A slide show at FilmInFocus: Ray Pride's Park City.
Updates, 1/25: "Tasked with 'celebrating experimentation and the convergence of art and film,' the New Frontier section at Sundance has been exhibiting feature films and installations for the last four years. Shari Frilot is the programmer, and spent the entire year reviewing work from new artists, figuring out which part of the ground being broken she wants to put in front of the Sundance audience." Alicia Van Couvering talks with her for Filmmaker.
Listening. IFC's Alison Willmore and Matt Singer discuss the festival so far.
Update, 1/26: RE Tinch has a thought-provoking collection of comments from the "Cinerama Futurama: The Future of the Theatrical Experience" panel.
Update, 1/27: Here's another panel, or rather, a roundtable of producers wondering what's next:
AWARDS AND WRAP-UPS
"IndieWIRE's poll of dozens of Park City-present critics and bloggers is quickly making clear the best and worst of this year's fest," reports Peter Knegt (on January 28). "Hundreds of grades have been entered and will continue to be entered in the coming days, but as things stand Josh Fox's doc GasLand and Banksy's 'spotlight surprise' Exit Through the Gift Shop are the best-received competition and non-competition films, respectively."
Also: "The Jury Prize in Short Filmmaking was awarded to Drunk History: Douglass & Lincoln, directed by Jeremy Konner, written by Derek Waters, and starring Don Cheadle and Will Ferrell. Its synopsis according to the festival: 'On March 22nd, Jen Kirkman drank two bottles of wine and then discussed a historical event.'"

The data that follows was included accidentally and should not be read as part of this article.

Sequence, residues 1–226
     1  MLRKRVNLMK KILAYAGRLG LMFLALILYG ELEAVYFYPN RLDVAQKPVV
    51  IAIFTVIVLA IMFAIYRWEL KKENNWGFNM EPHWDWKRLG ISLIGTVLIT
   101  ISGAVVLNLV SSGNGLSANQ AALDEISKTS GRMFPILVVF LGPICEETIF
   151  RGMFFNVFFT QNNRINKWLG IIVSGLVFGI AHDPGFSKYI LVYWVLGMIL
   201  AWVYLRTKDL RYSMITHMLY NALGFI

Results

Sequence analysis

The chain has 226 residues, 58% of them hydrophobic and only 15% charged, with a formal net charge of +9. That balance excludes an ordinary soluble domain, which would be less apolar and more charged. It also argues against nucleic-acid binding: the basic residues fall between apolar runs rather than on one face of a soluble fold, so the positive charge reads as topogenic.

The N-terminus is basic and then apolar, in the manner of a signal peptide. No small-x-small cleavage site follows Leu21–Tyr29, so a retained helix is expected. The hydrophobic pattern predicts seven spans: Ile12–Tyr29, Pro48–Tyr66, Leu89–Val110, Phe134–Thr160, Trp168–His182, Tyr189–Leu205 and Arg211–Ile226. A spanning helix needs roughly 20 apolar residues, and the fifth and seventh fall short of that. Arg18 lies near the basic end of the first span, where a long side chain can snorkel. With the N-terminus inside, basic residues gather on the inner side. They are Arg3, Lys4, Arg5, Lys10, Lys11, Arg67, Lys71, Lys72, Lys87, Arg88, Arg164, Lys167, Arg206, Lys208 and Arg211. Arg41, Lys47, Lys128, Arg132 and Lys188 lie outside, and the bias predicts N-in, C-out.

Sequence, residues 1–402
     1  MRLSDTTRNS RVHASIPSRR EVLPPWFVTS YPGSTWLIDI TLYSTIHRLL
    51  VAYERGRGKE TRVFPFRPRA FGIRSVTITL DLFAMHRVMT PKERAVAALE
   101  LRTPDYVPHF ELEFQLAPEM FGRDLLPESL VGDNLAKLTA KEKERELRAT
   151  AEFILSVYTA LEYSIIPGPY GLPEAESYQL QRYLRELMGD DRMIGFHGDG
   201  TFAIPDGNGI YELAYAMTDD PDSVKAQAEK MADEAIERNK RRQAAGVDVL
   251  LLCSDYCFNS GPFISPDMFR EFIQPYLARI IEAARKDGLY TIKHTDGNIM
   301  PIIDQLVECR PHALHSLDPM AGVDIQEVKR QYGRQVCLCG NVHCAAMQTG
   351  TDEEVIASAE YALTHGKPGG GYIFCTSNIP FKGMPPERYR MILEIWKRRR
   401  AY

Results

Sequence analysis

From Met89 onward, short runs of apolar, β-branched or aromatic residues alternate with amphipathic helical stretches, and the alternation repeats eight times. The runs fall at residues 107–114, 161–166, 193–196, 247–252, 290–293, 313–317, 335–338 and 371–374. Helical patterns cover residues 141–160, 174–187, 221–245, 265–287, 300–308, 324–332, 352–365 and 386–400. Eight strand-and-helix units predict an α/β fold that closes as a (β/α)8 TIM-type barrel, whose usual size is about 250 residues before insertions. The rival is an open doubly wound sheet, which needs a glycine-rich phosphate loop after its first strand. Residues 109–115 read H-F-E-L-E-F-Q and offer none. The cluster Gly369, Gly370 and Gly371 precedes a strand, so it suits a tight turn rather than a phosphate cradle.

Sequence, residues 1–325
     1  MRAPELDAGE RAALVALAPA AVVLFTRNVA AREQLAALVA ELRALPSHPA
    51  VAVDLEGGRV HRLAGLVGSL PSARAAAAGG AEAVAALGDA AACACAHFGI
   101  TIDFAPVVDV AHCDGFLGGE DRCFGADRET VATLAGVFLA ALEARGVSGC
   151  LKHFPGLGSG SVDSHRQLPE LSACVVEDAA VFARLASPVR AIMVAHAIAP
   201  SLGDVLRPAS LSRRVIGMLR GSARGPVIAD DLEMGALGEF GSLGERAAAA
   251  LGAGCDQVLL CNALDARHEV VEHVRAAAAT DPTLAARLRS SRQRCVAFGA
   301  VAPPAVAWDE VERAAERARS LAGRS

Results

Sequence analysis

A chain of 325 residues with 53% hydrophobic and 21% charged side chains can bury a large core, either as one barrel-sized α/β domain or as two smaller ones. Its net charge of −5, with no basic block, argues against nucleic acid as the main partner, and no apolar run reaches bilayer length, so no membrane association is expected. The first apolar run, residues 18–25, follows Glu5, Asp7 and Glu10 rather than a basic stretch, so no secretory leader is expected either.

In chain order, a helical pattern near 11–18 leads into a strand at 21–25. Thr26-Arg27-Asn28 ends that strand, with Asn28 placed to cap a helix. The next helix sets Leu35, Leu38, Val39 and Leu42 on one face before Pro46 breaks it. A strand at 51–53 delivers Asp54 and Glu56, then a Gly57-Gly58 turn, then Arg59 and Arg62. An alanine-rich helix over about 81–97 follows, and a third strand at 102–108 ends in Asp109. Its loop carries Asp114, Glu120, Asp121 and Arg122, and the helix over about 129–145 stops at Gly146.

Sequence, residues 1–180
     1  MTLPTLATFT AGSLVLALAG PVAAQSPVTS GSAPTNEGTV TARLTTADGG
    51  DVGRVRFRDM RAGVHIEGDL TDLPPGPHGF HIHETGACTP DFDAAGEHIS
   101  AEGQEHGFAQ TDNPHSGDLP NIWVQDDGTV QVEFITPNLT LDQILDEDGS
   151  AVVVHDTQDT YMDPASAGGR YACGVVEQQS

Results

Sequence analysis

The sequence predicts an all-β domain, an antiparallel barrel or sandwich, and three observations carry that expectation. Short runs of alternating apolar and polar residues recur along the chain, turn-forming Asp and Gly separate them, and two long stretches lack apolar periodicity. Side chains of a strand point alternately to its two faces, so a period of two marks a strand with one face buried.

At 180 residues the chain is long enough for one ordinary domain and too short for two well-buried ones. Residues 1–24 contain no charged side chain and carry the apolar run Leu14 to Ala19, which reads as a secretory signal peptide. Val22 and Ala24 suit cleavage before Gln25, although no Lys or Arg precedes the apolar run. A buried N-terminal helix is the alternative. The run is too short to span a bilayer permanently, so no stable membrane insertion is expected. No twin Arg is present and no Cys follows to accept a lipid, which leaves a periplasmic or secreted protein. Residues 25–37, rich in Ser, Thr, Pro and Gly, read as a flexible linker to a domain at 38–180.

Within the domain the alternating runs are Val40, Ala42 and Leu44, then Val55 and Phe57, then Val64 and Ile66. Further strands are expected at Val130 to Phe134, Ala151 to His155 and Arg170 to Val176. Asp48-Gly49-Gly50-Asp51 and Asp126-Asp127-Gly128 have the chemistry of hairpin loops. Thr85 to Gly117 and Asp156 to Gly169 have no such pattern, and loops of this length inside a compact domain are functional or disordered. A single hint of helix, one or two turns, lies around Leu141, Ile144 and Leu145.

"For all its problems, the festival remains one of the most important in the world and the foremost launching pad for American independents." Manohla Dargis looks back on the highlights for the New York Times.
Updates, 2/9: Catching up a bit after Rotterdam. Posted a bit on the major awards here. As for the rest...
"Charles-Olivier Michaud's Snow and Ashes won the Slamdance Grand Jury Sparky Award for best narrative film," reports Jeremy Kay for Screen. "The Grand Jury Sparky Award for best documentary went to Mark Claywell's American Jihadist."
Sundance Institute and NHK (Japan Broadcasting Corporation) have announced the winners of the 2010 Sundance / NHK International Filmmakers Awards," reports Peter Knegt at indieWIRE. "The winning filmmakers and projects are: Amat Escalante, Heli from Mexico; Andrey Zvyagintsev, Elena from Russia; Daisuke Yamaoka, The Wonderful Lives at Asahigaoka (written with Yugo Eto) from Japan; and Benh Zeitlin, Beasts of the Southern Wild (written with Lucy Alibar) from the United States."
More: "Obselidia directed by Diane Bell, is the recipient of this year's Alfred P Sloan Prize."
"Whether it be DIY's direction, breakout filmmakers, or undiscovered gems, Sundance changes the chatter every year," blogs Mike Jones. "In that spirit, here are my four take-aways from Sundance 2010 (valid until Sundance 2011)."
"Sundance had the Brits to thank as the Utah festival made a concerted attempt to lose its image as a brand heaven and re-focus on discovering filmmakers," argues Kaleem Aftab in the Independent.
Ray Pride gathers nine readings of this year's edition.